Concerning Time.TimeDiff

Graham Klyne
Mon, 02 Jun 2003 09:22:15 +0100

Following a brief off-list exchange, Simon Marlow suggested I post some 
notes here concerning Time.diffClockTimes and Time.TimeDiff.  These arise 
from my thought that the current behaviour of the GHC library in 
(sometimes) returning a value with positive seconds and negative 
picoseconds values might be viewed as perverse.  I'm trying to go beyond a 
"what is technically correct" viewpoint to "what is useful"...

I understand there's some history here, of which I'm not properly aware, so 
if this is merely rehashing old ground, please ignore.


What's useful here?  In practice, I think one would want to be able to 
compare and display time intervals.  Maybe the easiest form for doing this 
(for a multi-component value like TimeDiff) would be a sign+magnitude 
representation.  But TimeDiff doesn't allow for that, so what other options?

(a) all components except the most significant are positive,
(b) all components the same sign

Either of these allows component-wise comparison, from left to right.  I 
think (a) is easiest to format.  Of all the options, having the 
least-significant component negative and the rest positive really seems 
perverse, as I can't see how to compare or format the value without 
examining all of the fields before I start.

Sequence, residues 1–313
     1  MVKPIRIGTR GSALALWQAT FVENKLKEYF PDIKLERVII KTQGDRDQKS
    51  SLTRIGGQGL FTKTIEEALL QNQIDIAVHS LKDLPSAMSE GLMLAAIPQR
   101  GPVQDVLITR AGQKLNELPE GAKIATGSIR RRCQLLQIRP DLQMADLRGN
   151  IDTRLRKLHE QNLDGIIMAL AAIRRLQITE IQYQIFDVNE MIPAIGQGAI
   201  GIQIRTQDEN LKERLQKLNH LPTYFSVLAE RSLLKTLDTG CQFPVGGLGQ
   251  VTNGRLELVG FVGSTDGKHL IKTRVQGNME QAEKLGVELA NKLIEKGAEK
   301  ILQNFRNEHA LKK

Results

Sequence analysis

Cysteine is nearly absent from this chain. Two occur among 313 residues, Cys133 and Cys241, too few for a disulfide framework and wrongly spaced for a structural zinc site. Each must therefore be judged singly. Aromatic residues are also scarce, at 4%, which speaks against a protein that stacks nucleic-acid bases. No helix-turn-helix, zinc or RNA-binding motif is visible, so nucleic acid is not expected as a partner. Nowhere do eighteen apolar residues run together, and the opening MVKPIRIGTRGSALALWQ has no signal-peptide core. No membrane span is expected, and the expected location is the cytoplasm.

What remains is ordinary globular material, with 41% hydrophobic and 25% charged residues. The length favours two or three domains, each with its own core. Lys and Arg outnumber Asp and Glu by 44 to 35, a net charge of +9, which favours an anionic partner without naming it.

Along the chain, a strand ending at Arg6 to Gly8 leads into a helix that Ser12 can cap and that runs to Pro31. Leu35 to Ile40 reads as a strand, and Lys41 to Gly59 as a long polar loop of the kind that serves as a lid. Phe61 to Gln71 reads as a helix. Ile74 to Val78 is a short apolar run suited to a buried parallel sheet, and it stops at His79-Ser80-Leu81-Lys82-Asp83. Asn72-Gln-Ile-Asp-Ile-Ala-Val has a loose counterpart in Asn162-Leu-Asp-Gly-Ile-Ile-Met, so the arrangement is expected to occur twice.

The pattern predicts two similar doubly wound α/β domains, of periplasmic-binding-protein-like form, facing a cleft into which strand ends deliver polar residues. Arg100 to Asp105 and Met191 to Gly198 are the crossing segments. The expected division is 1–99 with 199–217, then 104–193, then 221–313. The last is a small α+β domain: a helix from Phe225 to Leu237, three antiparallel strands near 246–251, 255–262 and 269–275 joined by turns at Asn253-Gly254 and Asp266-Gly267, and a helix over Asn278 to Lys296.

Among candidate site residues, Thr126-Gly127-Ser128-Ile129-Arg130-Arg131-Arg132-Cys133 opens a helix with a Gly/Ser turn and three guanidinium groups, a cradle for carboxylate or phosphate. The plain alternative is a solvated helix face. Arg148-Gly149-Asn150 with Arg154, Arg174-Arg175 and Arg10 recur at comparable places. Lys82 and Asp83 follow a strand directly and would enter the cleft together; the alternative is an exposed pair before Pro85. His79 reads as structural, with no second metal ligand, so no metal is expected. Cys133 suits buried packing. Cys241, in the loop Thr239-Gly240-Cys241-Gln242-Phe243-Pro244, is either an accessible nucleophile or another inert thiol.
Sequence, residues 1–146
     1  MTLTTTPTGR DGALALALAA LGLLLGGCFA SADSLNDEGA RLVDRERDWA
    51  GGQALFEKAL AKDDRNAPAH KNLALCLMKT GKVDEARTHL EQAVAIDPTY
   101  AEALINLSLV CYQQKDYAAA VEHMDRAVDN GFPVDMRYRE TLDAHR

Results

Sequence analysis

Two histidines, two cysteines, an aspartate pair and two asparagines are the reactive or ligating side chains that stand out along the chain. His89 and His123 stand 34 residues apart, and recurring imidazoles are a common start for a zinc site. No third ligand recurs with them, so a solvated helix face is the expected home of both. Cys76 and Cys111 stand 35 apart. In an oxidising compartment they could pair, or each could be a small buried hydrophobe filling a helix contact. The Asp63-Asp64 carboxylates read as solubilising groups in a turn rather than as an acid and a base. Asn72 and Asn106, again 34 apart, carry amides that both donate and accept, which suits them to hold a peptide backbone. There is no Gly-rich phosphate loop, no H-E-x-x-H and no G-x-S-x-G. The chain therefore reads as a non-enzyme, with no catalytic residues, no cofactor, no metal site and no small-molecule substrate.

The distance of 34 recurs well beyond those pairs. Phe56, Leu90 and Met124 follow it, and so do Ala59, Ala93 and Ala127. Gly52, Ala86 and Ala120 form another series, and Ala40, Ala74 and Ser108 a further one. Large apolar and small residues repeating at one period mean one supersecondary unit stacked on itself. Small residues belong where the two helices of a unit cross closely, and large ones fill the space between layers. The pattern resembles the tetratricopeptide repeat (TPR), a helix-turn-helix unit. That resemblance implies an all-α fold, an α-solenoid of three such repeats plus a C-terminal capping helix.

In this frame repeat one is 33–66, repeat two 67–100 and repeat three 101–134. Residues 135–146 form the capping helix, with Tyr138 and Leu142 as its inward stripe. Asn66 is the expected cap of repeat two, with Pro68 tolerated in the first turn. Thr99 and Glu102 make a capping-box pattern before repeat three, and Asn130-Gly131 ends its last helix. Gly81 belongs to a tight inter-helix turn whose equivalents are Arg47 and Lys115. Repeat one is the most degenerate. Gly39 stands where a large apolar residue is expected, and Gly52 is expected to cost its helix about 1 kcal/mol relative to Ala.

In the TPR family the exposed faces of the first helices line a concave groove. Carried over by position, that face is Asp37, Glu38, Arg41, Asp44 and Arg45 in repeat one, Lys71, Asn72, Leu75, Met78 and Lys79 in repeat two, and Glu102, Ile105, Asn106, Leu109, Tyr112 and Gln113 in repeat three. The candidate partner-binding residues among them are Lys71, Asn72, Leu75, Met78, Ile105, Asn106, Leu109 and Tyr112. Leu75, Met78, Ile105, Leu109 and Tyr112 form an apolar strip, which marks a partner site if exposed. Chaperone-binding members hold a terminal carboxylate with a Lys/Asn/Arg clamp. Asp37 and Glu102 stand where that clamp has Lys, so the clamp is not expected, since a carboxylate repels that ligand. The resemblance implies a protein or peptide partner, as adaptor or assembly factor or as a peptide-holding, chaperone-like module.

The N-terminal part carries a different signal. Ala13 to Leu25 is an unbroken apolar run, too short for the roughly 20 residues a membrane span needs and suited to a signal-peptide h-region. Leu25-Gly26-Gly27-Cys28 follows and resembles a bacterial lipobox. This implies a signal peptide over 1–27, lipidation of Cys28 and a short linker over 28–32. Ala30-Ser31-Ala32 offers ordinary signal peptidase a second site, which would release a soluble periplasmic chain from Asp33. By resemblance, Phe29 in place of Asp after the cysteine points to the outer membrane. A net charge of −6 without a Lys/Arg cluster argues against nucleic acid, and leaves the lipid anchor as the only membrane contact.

BTW, I'm also dubious about the desirability of including months and years 
in a time-difference value, because of the variability of months;  whenever 
I've implemented this kind of thing in the past, I use 
days/hours/mins/secs/sub-secs to measure intervals (though even this is 


I think it would be helpful if the Haskell Report documentation of 
diffClockTimes [1] were a little more specific, to the point of stating 
which way round the subtraction is performed, and also would say something 
about how negative time-differences should be returned.

Currently says:
Function getClockTime returns the current time in its internal 
representation. The expression addToClockTime d t adds a time difference d 
and a clock time t to yield a new clock time. The difference d may be 
either positive or negative. The expression diffClockTimes t1 t2 returns 
the difference between two clock times t1 and t2 as a TimeDiff.


Time representation is something that is difficult to get absolutely right 
for all purposes, so if the overall design is up for reconsideration I 
think it's important to have some idea of the intended scope of use.  (Pat 
Hayes summarized some work on the complexity of these issues to a Semantic 
Web calendaring meeting [2][3].)



Graham Klyne
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